THE BRITISH do not eat what they are famous for. Trust me. My postbag bulges with recipes when we put out calls for curry, tomato or asparagus treatments. But when we seek ideas for something almost as British as the Queen, such as afternoon teas, the post is almost all press releases.

A fair guess would be that tea went out with servants. This is a pity, because a well-timed tea can take the edge off hunger on a long summer afternoon; it can absorb the gin and tonic that will follow shortly; but, most of all, it can be delicious.

The recipe below is for scones. Not any old scones, but 'Granny's scones' as submitted by Caroline Jones of Bristol. She writes: 'My granny told me real scones don't use fat, should be mixed only briefly and eaten the same day. Without fat, they have a different texture, an earthy taste.' A sensible dictum. These scones contain no fruit, either, making them suitable for cheese or jam. Ms Jones eats them with the salted butter her grandmother preferred, berry jam or lemon curd; she also recommends fromage frais. She will receive a handsome 1lb tin of Darjeeling Best from the Algerian Coffee Stores in London.


Serves 6-8

Ingredients 3 teacups (12oz/340g) plain flour, plus several tbs for dusting tin and work surface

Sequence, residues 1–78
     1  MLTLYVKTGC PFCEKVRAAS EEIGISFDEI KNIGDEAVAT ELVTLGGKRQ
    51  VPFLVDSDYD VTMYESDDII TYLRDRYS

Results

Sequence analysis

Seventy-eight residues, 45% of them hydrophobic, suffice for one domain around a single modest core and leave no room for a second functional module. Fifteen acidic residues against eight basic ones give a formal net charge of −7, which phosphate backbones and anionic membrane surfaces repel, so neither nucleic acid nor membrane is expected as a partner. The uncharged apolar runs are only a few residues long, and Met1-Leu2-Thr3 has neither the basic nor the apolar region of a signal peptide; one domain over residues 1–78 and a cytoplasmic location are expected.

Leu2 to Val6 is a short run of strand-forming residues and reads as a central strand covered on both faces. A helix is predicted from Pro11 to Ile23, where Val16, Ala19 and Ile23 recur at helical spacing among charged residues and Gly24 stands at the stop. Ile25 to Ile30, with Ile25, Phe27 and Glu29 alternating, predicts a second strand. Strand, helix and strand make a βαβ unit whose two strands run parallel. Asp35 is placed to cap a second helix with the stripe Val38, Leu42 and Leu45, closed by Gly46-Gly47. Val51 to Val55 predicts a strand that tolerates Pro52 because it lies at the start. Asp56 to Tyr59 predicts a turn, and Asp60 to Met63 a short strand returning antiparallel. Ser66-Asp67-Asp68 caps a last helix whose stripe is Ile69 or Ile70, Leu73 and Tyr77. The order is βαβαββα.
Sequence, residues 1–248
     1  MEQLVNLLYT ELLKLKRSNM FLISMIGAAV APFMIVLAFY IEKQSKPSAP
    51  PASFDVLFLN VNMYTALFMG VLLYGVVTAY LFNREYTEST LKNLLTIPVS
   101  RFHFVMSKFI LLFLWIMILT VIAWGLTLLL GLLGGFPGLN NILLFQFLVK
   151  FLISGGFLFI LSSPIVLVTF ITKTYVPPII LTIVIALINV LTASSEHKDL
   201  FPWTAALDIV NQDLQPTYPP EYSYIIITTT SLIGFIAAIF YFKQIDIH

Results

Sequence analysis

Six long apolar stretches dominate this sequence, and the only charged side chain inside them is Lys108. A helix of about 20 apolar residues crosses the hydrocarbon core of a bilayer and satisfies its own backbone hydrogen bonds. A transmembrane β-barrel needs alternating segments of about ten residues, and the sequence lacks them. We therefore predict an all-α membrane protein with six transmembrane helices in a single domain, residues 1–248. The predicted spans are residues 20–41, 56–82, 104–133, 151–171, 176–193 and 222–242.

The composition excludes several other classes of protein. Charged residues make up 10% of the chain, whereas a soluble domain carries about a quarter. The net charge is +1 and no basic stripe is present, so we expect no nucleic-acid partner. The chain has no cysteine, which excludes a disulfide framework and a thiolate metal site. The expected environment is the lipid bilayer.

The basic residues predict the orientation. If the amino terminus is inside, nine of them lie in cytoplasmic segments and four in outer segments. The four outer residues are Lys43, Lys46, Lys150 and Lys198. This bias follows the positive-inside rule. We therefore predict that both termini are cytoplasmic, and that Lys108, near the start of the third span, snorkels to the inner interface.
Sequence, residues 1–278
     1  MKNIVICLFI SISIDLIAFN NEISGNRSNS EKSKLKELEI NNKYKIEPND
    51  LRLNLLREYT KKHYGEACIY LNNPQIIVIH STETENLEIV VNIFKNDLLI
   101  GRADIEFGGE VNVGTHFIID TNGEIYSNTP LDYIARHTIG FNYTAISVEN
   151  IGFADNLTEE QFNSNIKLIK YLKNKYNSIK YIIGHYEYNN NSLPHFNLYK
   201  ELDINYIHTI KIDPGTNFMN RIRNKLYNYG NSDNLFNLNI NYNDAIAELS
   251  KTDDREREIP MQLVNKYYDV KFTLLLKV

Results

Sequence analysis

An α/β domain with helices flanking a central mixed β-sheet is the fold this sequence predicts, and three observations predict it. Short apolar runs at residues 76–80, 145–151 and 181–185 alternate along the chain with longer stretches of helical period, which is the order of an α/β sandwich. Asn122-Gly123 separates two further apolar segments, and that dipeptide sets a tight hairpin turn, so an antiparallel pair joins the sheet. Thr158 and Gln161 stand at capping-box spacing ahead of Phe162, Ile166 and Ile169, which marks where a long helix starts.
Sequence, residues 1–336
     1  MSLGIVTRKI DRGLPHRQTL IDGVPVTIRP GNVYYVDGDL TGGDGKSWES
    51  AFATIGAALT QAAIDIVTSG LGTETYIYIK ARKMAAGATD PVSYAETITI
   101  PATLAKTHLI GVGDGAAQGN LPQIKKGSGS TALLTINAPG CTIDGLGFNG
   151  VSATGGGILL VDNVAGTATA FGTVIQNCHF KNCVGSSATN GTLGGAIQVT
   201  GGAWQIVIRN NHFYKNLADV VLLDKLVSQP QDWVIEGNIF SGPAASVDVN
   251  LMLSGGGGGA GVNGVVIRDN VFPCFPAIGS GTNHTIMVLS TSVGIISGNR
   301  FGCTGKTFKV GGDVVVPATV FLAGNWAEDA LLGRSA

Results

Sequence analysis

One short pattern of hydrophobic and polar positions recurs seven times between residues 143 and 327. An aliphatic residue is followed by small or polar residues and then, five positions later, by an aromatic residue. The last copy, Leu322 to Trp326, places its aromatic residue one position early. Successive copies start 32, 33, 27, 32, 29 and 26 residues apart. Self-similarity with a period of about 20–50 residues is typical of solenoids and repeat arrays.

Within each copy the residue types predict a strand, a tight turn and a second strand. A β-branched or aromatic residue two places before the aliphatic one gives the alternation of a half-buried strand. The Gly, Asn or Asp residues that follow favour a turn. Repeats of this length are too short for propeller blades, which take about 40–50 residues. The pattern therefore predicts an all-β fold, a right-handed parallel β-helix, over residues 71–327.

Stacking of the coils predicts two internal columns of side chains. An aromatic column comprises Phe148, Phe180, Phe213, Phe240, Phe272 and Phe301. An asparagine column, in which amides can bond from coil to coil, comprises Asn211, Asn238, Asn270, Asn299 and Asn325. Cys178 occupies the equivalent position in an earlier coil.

3 level tsp baking powder

1/4 tsp salt

1/2 tsp sugar

1 teacup (8fl oz/235ml) warm milk, plus extra for brushing scones

butter to grease tin

Preparation Preheat oven to 220C/ 425F/gas 7. Grease baking tin, then lightly dust with flour. Sieve together dry ingredients, mixing well. Add milk. Mix with knife or spatula until it leaves the side of the bowl. Lightly flour work surface and turn out dough. Shape into square until 2in thick. Cut into good-sized squares with end of a sharp spatula and turn on to baking tin. Brush with milk, put in oven, reduce to 200C/400F/gas 6 and bake 15-20 mins, until golden. Cool on wire rack and serve.

Next week, the last of the teas. Entries are welcome for pates, vegetarian or meaty. Send to: Emily Green, Recipe, Weekend, The Independent, 40 City Road, London EC1Y 2DB. The prize will be a bottle of Alain Brumont's Pacherenc du Vic Bilh Octobre 1991, a late-picked Jurancon-style wine from Reid Wines, near Bristol.